Ada Lovelace Day: Shaping a More Inclusive Future in Tech
Ada Lovelace Day is an international celebration acknowledging the achievements of women in STEM all around the world. The event was founded in 2009 due to a concern that women in the tech industry were invisible and has since aimed towards encouraging women and girls to pursue careers in STEM.
The inspiration for Ada Lovelace Day also stemmed from research carried out by psychologist Penelope Lockwood, which found that women needed to see female role models more than men needed to see male role models.
But instead of just highlighting the achievements and impact of just one, or a few privileged women in the industry, it's important to continue to make conscious and sustained effort to showcase a broader spectrum of women's successes in STEM if we are to make our computing role models representative and relatable.
To do this, we must not shy away from the equity gap in the technology industry when celebrating women in computing and exploring how we can fight the trends of under representation and discrimination. Today, women make up around half of the UK workforce, yet in the tech industry, a mere 24% of roles are filled by women, and over 77% of tech leaders are men (Tech UK, 2023).
Dame Stephanie "Steve" Shirley's journey serves as a compelling illustration of a woman in recent history who has made significant contributions to increasing the participation of women from diverse backgrounds in STEM industries.
Shirley was a child refugee who came to England at the age of five without her parents. Aged just 26, Shirley went on to found her very own software company that redefined the work pattern for women during the 1950's. It was during this time that she adopted the name “Steve” to help her overcome challenges posed by the male-dominated industry that she operated in. It’s suggested that by signing off with this name in her written communications she was engaged with more frequently, and thus gained greater exposure to professional opportunities.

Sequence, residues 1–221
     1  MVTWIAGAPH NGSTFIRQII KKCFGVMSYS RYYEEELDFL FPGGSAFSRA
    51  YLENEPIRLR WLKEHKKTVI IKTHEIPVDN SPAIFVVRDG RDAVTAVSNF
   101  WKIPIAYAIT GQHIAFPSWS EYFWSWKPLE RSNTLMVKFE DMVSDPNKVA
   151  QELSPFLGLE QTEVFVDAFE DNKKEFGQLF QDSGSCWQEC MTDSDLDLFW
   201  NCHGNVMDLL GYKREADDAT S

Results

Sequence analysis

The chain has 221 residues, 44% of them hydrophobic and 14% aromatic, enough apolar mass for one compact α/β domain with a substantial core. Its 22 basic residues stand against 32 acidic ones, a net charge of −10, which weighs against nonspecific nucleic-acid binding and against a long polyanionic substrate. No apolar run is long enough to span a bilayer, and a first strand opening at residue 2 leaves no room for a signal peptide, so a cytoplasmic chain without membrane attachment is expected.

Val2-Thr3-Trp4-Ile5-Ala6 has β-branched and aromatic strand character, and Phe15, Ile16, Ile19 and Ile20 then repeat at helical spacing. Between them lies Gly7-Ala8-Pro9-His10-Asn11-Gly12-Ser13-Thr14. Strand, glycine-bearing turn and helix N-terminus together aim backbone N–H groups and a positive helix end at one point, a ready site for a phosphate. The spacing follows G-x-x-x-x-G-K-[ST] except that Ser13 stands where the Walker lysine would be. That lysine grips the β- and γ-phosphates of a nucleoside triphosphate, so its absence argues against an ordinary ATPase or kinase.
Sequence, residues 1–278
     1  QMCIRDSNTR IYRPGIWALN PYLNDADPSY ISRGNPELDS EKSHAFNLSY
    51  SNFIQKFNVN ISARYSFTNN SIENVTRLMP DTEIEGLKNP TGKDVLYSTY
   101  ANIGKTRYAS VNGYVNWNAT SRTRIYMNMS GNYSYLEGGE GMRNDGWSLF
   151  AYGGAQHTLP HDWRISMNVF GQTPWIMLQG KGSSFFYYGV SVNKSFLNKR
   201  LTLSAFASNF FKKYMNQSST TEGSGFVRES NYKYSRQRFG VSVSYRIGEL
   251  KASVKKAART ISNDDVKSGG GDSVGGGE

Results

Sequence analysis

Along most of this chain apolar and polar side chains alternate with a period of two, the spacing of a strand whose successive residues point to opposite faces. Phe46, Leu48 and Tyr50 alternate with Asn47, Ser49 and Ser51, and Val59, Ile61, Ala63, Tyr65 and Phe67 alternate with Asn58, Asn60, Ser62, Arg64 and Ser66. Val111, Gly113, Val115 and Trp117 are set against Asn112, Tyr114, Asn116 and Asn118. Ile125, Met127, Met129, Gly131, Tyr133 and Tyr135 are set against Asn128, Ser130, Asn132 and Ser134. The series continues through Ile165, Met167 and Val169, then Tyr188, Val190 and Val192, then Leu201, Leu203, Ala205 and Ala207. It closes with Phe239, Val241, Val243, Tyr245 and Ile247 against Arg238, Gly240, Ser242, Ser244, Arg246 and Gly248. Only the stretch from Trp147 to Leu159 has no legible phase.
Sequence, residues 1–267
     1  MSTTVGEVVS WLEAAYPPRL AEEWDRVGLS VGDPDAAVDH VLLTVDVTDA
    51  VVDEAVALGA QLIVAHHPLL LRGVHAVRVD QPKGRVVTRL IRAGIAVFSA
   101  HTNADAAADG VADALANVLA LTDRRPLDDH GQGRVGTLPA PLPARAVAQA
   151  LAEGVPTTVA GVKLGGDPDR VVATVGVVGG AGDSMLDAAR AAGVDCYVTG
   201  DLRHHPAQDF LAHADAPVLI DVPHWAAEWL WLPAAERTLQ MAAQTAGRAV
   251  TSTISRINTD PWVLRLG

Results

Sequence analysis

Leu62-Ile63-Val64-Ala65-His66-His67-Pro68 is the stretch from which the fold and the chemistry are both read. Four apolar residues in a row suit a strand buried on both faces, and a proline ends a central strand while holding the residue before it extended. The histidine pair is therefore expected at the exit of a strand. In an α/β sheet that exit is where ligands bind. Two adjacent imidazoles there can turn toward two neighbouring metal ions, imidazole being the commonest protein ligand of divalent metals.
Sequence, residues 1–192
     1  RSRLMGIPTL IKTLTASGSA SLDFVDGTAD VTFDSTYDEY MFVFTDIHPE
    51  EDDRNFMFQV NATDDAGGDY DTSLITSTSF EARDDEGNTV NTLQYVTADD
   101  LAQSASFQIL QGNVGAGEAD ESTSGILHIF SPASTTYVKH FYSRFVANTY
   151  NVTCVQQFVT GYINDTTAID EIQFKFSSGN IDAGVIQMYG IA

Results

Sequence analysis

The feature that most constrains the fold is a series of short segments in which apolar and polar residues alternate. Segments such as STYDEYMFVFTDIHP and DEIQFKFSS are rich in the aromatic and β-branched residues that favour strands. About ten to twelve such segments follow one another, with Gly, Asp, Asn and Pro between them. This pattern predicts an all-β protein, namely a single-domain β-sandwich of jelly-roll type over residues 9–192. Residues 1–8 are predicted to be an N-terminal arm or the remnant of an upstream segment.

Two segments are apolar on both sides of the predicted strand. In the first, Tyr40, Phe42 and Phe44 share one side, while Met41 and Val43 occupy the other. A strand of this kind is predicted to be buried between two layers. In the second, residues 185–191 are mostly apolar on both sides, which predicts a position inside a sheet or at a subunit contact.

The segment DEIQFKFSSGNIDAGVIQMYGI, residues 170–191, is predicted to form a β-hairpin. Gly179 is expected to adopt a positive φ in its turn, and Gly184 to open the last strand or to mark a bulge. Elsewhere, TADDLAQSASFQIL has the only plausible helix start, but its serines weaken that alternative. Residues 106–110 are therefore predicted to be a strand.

Whilst this might sound like an issue of the past, gender-based discrimination and under representation still exist within the tech industry, and especially so for women from ethnic minority backgrounds.
While we might hope that gender-based discrimination and under representation are issues of the past, they persist in the tech industry, particularly affecting women from ethnic minority backgrounds. The theme of this year's Black History Month, 'Saluting our Sisters,' acknowledges black women whose contributions have been overlooked, ideas appropriated, and voices silenced. This theme extends to the tech sector, where a recent study revealed that black women constitute only 0.7% of the technology workforce, despite comprising 1.8% of the UK's total workforce (BCS, 2022). Structural changes are crucial in eliminating barriers for black women and girls pursuing success in the industry. However, honouring the achievements and voices of these underrepresented groups must remain a priority.
Whilst Ada Lovelace Day serves as a crucial reminder that it is vital to celebrate the excellent work women have accomplished in computing over the past two centuries, we must also continue to celebrate women from all backgrounds to overcome the systemic barriers that hinder their entry and success in a traditionally male-dominated industry.
How can you make a difference?
Check out our I Belong: Encouraging girls into computer science programme, through which we aim to minimise the gender gap in young people taking up computing at GCSE level and beyond. The Computing Ambassadors volunteers are also a perfect way of introducing role models into a classroom and creating meaningful connections between the subjects of computing and computer science and the industry.
Let us know how you’re honouring Ada Lovelace Day this year by tagging @WeAreComputing on X and using the hashtag #AdaLovelaceDay.